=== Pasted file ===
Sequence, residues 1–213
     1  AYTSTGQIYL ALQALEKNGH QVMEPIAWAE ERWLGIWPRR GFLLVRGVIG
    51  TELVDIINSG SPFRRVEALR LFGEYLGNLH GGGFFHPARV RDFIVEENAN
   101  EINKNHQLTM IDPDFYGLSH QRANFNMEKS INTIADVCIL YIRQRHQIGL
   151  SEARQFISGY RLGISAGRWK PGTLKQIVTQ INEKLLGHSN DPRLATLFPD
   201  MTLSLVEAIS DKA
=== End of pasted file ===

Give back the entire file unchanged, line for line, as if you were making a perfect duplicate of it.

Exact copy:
Sequence, residues 1–213
     1  AYTSTGQIYL ALQALEKNGH QVMEPIAWAE ERWLGIWPRR GFLLVRGVIG
    51  TELVDIINSG SPFRRVEALR LFGEYLGNLH GGGFFHPARV RDFIVEENAN
   101  EINKNHQLTM IDPDFYGLSH QRANFNMEKS INTIADVCIL YIRQRHQIGL
   151  SEARQFISGY RLGISAGRWK PGTLKQIVTQ INEKLLGHSN DPRLATLFPD
   201  MTLSLVEAIS DKA